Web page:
A family's second born male child is more likely to run afoul of the law, according to a recent study involving researchers at the MIT, Northwestern University, University of Florida, and the Aarhus University in Denmark.
The study, which compared data from Denmark and Florida, shows that second-born boys are "substantially more likely to exhibit delinquency problems" when compared to their older sibling. According to Denmark data cited in the study, second-born boys a have "substantially" higher rates of juvenile crime, particularly severe violent crime, and imprisonment.
Overall, according to the study's abstract, second-born boys are 20% to 40% more likely to be disciplined in school and enter the criminal justice system, when compared to first born boys. The study found that the gaps in delinquency are smaller, when the team behind the study investigated the effect of being a second-born female child.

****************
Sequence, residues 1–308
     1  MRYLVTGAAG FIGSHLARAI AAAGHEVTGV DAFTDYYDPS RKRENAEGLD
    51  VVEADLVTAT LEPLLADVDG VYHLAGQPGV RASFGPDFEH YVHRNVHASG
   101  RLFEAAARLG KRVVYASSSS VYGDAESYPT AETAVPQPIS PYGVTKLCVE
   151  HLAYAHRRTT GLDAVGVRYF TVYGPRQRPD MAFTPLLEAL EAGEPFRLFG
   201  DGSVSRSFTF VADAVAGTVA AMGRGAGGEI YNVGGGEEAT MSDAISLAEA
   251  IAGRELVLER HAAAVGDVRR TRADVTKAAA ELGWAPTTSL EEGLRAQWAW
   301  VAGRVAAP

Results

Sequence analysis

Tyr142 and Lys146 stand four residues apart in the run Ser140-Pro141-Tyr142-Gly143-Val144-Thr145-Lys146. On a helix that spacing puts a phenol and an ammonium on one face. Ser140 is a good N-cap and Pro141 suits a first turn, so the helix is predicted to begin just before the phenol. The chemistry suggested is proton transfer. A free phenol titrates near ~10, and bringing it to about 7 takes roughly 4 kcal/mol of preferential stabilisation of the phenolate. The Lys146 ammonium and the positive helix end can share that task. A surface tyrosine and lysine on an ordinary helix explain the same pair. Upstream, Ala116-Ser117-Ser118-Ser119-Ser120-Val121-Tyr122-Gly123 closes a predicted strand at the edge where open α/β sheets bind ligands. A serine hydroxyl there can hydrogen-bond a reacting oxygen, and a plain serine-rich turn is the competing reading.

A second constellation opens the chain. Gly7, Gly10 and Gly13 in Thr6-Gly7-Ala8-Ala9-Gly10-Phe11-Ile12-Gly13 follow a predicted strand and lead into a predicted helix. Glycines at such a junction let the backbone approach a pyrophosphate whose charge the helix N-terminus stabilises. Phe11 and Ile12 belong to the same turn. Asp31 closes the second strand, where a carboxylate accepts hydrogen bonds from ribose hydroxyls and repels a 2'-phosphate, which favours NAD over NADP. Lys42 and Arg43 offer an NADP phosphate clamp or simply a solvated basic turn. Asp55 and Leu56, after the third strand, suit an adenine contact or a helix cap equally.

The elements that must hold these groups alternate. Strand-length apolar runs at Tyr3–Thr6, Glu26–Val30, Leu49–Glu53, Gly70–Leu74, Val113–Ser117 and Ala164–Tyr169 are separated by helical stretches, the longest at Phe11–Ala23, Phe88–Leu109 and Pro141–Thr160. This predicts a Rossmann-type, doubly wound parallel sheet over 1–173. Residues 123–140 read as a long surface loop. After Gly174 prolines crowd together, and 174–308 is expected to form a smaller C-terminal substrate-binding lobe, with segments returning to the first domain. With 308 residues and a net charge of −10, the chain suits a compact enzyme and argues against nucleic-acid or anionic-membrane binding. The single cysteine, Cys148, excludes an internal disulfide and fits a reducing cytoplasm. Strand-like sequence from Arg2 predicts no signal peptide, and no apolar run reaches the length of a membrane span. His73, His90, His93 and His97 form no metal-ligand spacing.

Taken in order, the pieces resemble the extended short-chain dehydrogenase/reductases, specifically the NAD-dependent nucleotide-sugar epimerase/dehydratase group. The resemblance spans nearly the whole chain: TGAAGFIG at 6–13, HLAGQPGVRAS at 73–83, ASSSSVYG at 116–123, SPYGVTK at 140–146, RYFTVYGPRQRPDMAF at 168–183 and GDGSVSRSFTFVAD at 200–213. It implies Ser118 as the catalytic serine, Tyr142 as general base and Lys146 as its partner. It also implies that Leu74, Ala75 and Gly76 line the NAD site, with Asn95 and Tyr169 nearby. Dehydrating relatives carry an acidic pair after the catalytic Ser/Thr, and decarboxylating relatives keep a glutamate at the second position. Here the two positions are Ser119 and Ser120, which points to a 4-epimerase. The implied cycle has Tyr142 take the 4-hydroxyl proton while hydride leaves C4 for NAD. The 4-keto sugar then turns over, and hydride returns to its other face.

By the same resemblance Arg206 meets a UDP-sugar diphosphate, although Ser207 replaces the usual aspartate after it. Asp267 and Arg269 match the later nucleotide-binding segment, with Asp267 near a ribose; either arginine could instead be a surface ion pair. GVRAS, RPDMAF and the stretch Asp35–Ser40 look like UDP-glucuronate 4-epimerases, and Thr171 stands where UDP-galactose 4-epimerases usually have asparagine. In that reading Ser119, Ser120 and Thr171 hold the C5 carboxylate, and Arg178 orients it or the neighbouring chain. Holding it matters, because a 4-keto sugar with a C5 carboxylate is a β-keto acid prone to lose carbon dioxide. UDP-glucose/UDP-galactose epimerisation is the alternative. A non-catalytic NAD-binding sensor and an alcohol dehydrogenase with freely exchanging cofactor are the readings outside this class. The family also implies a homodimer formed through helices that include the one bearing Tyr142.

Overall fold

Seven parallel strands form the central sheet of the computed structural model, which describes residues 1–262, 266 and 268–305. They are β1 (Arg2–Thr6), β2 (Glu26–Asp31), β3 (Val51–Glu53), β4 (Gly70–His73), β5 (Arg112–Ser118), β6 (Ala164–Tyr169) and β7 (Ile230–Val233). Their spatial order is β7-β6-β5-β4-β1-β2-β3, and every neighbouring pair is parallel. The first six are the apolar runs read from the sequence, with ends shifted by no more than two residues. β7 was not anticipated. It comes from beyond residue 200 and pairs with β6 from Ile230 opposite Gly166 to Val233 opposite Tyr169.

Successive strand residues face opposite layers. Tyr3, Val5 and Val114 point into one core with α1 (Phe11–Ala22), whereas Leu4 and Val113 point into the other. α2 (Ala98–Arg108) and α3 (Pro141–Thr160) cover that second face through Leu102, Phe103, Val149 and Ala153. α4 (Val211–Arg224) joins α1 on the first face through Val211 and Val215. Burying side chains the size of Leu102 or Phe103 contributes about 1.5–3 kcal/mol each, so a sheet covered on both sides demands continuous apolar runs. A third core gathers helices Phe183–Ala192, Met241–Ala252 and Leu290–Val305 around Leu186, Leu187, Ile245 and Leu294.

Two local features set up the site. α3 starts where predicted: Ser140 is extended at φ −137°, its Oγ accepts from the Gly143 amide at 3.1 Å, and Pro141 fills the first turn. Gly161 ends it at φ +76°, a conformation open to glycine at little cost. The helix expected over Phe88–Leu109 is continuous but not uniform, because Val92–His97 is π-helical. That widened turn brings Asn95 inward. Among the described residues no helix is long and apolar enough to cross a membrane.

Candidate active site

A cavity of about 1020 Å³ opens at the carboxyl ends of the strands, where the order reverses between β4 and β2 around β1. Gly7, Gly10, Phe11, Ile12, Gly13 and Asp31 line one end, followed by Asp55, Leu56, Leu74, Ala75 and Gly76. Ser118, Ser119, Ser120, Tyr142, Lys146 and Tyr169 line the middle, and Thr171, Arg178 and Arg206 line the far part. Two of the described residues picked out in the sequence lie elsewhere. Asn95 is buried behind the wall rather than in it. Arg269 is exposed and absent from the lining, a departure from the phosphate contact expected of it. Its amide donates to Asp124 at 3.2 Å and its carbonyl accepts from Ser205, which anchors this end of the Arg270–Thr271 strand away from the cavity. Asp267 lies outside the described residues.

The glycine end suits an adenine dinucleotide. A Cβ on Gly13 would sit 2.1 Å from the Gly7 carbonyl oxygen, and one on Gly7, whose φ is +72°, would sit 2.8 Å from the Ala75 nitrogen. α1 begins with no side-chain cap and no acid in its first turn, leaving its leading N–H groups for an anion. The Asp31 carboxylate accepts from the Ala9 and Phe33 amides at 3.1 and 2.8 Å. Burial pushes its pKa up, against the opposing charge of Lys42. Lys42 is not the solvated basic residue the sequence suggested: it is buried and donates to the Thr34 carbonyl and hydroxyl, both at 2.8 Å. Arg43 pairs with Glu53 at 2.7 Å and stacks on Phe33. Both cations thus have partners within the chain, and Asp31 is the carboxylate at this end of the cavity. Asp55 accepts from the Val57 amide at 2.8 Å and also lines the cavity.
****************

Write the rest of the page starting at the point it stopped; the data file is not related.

The study's conclusion also noted that second-born children tends to have less attention from their mother, when compared to their older siblings, because first-born children have a chance to experience their mother's maternity leaves, as well as their mother's maternity leave following the birth of their younger sibling. The team behind the study discovered that the arrival of a second-born child has a potential to extend a parent's early-childhood investment in their first-born child.
The team behind the study noted that while Florida and Denmark have much different approaches to crime and punishment, and are demographically very different, the set of findings are "fundamentally quite similar".